In 2008, shortly after arriving in Achham, in the far west of Nepal, a regional epicenter of the epidemic, I met a woman with advanced AIDS. She would die shortly thereafter, of fulminant pneumonia. Her death was over a decade after highly active antiretroviral therapy came out, a remarkable scientific achievement made possible by a social movement that mobilized resources and awareness around HIV/AIDS.
Social movements rarely move fast enough, especially in a landlocked, impoverished place emerging from a civil war, and her death was a humbling reminder.
This week, Congress reauthorized, by a bipartisan consensus, funding for both the President’s Emergency Plan for AIDS Relief (PEPFAR), a testament to the staying power of the HIV/AIDS social movement that, even in such polarizing times, with a White House skeptical about foreign assistance and the government’s role in public health, Congress would act with such moral clarity.
The global HIV/AIDS social movement had a profound impact on my generation of medical students. In my freshman year of medical school in 2002, Randy Shilt’s And the Band Played On was as foundational a text as Frank Netter’s magesterial Atlas of Human Anatomy or Boron and Boulpaep’s epic Medical Physiology. As a doctor-in-training, these words shaped everything I know about treating patients.
Shilt would die of HIV/AIDS seven years after the publication of his book. I still return to Ray Navarro’s old clips on youtube, like the one where he dressed as Jesus Christ reporting in front of Saint Patrick’s Cathedral in Manhattan. His wit, aesthetic eye, and determination in the face of death. He would die at the age of 26 in 1990. He, like so many other activists, taught me what you don’t learn in a classroom: how to respond to tragedy, pain, and suffering.
The HIV/AIDS movement, largely involving activism among gay men at the onset, expanded to include a diverse group of individuals and organizations around the globe. Many traditions in western medicine rooted in class, racial, and gender hierarchies, reflective of who had sufficient power and privilege to serve as physicians.
In the United States, medicine has been defined by the cultural and organizational norms of white men. The HIV movement pushed at those historical roots. Concepts like global health, patient centeredness, adherence, implicit bias, LGBTQI care, social justice, and human rights are now at least familiar to medical students. If our socialization has suppressed compassion, HIV/AIDS activists taught us radical love transcending these categories.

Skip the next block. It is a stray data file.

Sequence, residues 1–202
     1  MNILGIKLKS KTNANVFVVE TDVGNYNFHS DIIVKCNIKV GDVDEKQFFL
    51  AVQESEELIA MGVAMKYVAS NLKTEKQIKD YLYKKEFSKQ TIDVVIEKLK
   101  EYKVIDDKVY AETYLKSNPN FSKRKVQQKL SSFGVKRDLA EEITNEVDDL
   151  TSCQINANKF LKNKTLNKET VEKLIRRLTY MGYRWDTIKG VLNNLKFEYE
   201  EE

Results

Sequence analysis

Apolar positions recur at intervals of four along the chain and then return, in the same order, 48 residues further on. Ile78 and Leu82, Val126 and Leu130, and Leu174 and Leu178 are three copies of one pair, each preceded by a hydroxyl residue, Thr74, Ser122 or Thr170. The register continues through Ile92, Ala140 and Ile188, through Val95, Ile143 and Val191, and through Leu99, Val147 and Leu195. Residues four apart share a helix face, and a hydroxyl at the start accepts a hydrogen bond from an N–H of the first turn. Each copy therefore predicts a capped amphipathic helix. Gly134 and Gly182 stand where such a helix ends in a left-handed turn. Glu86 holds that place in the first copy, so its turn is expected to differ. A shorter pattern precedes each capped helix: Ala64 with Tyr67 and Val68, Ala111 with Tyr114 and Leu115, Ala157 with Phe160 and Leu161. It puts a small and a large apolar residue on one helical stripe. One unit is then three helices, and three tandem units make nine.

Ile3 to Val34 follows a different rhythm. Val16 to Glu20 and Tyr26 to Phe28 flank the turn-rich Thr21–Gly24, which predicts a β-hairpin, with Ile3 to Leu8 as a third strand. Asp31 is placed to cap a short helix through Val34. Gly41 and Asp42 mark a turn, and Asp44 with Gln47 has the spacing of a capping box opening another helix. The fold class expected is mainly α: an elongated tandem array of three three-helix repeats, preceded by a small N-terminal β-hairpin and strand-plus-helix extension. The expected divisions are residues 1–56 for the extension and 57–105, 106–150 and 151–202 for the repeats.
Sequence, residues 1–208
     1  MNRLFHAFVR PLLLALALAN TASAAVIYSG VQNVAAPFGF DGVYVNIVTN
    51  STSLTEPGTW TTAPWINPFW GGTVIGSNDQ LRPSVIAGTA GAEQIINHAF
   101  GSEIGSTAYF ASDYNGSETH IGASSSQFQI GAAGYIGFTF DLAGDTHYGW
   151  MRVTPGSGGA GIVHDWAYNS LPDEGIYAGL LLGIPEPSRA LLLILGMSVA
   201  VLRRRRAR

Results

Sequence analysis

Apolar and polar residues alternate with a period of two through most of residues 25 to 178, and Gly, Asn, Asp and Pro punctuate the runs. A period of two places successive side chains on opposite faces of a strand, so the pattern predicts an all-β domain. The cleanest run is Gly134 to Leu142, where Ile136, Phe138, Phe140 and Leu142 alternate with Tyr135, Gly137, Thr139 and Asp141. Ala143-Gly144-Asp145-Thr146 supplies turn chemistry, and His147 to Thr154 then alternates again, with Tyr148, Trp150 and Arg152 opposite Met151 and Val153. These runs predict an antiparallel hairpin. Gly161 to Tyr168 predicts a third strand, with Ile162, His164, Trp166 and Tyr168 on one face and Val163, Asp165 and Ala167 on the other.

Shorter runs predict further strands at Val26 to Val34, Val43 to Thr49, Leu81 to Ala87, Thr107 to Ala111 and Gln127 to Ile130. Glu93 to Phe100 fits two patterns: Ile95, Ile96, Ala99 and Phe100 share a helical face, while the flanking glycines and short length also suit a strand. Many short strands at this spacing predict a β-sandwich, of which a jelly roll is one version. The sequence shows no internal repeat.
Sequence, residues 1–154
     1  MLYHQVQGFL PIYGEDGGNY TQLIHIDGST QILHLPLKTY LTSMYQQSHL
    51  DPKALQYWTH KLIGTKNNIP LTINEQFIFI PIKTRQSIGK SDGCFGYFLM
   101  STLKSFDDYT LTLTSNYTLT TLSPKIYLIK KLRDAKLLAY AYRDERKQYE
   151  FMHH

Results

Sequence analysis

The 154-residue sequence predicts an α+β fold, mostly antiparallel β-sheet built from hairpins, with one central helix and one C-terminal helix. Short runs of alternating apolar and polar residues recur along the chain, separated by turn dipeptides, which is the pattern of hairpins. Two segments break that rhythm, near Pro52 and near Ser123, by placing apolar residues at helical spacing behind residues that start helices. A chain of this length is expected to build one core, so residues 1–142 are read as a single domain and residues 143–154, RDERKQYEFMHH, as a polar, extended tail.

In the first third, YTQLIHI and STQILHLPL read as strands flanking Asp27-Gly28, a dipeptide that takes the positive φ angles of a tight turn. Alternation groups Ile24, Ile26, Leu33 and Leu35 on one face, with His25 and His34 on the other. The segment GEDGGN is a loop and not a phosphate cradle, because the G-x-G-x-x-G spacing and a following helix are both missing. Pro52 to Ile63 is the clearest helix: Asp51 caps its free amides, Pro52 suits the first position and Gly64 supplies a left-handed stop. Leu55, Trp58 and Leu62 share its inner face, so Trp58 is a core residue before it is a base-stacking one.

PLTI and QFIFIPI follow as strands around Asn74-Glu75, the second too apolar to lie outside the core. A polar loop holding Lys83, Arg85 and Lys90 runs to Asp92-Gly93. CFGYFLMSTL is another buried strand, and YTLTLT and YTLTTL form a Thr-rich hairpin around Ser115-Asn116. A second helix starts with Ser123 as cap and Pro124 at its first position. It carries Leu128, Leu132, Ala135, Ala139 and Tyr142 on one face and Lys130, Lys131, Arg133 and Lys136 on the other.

On this 30th World AIDS day, the 10th year since Possible and Nyaya Health Nepal started delivering care in Achham, so much has changed, yet structural barriers, biases, and economics continue to conspire to lead to preventable deaths.
Over 40 million people around the world have died of HIV/AIDS. In 2018 there were approximately 1 million deaths due to the now-highly-treatable disease.
In Bayalpata Hospital in Achham, where Possible works in partnership with Nyaya Health Nepal, the day is observed with a morning gathering, where clinicians to administrators gather in circle, light a candle and retell the motivation that led us to this work than 10 years ago.
Bayalpata Hospital has been the largest and highest quality of HIV care in the far west, and one of the first to implement CD4 counting. This program, including all medications, is exclusively funded by the government, and one example where the government has championed both policy and practice. For Possible and Nyaya Health Nepal, treating HIV/AIDS is also our first example of longitudinal care delivery, and provided a path toward building a truly integrated health system.
Today, I remember the genius of the activists who changed the world, even as they faced death and mourned the loss of family and friends.